A Kaiser Permanente study shows a close link between HIV RNA levels and low CD4 counts and the risk of heart failure.
HIV is known as an independent risk factor for heart failure; however, the association of HIV severity with incident heart failure and the potential interaction with sex are incompletely understood.
A group of researchers within three Kaiser Permanente systems have found that patients with HIV have an increased risk for heart failure, especially those with low CD4 counts and high RNA level.
The findings, published in the Journal of Acquired Immune Deficiencies Syndromes, suggest that optimizing HIV treatment and management may be important for prevention of heart failure among those with HIV.
The researchers conducted a retrospective cohort study in adults (≥21 years old) who were members of Kaiser Permanente integrated health care delivery systems in Northern California, Southern California, and the mid-Atlantic states (Maryland, Virginia, Washington, D.C.) between 2000 and 2016.
“Kaiser Permanente provides comprehensive inpatient and outpatient services to a diverse patient population demographically representative of the general insured population in its service areas,” explained one of the investigators, Michael A. Horberg, director of HIV/AIDS program-wide for Kaiser Permanente and Clinical Lead for HIV/AIDS for the Care Management Institute.
Kaiser Permanente's electronic health record was used to identify people with HIV, and researchers matched them to people without HIV. Incident heart failure was found using a previously validated electronic health record coding system, Horberg said. Rates were determined for heart failure by sex and adjusted by other demographic and HIV-related factors. All analyses were done by both sexes combined, then stratified by sex.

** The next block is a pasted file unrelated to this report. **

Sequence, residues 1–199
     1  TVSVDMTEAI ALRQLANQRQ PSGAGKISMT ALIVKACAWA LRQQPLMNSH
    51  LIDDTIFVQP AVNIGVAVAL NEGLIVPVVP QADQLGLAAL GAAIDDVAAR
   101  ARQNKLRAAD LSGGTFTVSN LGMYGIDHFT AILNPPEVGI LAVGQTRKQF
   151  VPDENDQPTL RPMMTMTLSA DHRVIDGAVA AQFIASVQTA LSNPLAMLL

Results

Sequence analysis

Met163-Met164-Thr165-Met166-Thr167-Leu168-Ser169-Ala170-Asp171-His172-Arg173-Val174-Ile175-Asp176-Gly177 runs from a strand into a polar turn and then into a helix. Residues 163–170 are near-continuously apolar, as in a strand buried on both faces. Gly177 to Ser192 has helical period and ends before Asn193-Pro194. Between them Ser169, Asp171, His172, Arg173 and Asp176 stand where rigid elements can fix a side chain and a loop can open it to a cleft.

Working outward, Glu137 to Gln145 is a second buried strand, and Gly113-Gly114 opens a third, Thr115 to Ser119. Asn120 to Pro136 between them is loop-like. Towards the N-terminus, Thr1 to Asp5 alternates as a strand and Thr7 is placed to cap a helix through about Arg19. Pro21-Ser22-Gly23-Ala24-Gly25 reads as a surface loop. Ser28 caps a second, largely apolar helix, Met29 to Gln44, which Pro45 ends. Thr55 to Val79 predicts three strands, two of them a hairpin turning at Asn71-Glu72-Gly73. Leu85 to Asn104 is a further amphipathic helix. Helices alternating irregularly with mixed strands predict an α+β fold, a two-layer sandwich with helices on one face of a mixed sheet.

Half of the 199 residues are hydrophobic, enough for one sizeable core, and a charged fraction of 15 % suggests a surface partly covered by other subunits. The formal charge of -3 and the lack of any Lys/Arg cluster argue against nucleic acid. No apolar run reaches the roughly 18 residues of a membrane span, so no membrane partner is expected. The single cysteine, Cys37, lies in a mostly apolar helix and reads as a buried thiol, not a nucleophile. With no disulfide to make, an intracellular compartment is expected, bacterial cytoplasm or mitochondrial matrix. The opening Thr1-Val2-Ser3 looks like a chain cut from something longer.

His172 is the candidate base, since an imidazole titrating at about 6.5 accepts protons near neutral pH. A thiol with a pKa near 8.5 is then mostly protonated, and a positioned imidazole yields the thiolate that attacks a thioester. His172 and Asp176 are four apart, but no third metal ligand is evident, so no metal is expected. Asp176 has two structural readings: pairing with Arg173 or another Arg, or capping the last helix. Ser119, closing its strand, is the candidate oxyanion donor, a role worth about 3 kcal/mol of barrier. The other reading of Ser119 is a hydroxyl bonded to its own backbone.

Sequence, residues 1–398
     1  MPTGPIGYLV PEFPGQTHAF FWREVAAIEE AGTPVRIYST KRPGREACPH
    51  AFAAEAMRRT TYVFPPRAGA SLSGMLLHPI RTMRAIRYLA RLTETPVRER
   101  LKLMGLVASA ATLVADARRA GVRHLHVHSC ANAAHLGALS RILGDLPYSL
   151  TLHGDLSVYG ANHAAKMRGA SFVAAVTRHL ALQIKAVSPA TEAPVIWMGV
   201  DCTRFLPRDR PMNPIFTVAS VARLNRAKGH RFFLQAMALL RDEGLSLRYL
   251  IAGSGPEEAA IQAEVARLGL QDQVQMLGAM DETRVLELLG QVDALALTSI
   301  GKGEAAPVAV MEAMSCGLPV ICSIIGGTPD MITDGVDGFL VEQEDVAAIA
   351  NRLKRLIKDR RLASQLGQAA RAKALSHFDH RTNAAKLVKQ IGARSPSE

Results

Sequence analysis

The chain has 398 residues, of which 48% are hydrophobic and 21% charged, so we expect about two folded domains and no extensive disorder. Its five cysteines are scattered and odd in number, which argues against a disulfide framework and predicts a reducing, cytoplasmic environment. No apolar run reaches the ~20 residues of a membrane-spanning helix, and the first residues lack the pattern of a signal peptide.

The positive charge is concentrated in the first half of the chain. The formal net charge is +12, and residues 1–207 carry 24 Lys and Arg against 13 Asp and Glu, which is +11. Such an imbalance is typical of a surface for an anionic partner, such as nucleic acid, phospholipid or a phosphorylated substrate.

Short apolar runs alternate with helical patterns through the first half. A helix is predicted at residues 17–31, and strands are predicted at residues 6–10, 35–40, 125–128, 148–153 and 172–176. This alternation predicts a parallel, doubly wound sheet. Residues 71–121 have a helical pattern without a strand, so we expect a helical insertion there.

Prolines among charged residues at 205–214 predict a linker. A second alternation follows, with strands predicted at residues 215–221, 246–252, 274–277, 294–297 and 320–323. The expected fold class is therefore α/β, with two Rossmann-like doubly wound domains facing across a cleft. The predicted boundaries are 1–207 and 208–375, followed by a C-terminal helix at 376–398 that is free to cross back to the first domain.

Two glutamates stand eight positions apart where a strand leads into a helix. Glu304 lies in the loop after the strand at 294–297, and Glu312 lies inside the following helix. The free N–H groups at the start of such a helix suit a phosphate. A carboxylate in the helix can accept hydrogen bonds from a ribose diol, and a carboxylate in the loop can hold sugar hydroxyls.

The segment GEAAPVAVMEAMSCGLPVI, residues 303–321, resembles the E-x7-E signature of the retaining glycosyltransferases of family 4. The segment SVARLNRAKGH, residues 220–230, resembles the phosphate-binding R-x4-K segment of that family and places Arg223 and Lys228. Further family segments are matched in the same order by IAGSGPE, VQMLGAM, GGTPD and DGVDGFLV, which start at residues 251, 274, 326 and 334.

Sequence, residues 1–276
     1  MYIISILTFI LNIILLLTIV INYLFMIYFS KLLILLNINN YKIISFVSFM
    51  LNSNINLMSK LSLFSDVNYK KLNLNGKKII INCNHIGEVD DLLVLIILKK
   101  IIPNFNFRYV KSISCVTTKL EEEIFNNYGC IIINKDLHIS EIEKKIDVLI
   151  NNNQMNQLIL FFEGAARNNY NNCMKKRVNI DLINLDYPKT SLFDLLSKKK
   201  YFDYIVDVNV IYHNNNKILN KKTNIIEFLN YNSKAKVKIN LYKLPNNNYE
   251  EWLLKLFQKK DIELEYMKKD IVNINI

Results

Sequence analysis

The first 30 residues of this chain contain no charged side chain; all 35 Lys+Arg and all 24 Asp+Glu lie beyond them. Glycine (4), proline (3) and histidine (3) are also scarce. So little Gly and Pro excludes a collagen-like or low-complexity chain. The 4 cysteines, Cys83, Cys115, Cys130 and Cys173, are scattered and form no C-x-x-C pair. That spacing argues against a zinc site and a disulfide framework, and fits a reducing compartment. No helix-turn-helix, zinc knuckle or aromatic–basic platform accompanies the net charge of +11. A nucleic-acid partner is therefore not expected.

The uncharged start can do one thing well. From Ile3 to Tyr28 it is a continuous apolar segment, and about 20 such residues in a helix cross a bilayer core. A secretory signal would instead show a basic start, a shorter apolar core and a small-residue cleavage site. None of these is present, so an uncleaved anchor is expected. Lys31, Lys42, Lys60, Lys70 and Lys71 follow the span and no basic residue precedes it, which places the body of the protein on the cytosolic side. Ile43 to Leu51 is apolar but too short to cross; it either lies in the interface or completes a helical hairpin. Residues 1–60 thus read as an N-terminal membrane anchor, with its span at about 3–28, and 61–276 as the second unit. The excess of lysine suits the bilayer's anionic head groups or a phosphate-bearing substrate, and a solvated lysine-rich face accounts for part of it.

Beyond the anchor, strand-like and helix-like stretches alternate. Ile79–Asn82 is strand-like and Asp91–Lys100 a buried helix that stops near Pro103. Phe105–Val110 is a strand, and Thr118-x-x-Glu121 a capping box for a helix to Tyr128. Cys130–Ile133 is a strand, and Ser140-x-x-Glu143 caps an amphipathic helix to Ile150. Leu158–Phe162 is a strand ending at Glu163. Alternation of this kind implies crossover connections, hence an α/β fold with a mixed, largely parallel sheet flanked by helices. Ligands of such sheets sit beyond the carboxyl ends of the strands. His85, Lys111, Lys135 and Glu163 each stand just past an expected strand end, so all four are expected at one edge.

Higher incident heart failure risk was observed among people with HIV at all HIV RNA levels, with greater risk at higher HIV RNA levels. The excess risk associated with low CD4 counts and high HIV RNA was stronger among women than among men.
“The main takeaways are that control of HIV with viral suppression and rebounding of CD4 counts are needed to lower risk of heart failure among people with HIV,” Horberg said. “To me, the surprising elements was that any detectable viral load increased risk for heart failure among people with HIV. This shows, once again, how critical aggressive viral control is in HIV, not just for preventing the immediate effects of HIV but also longer term and less obvious risks.”
Horberg and his colleagues believe it’s important for physicians treating HIV to be aware that there is greater risk for heart failure if patients have even slightly more advanced or poorly controlled HIV infection, especially women.
Horberg also said the study highlights the kind of research Kaiser Permanente can do because of its size. “This study once again shows the strength of large databases,” he said. “We have nearly 39,000 people with HIV and 387,000 matched nearly 10:1 to people without HIV. Most healthcare systems cannot produce such results.”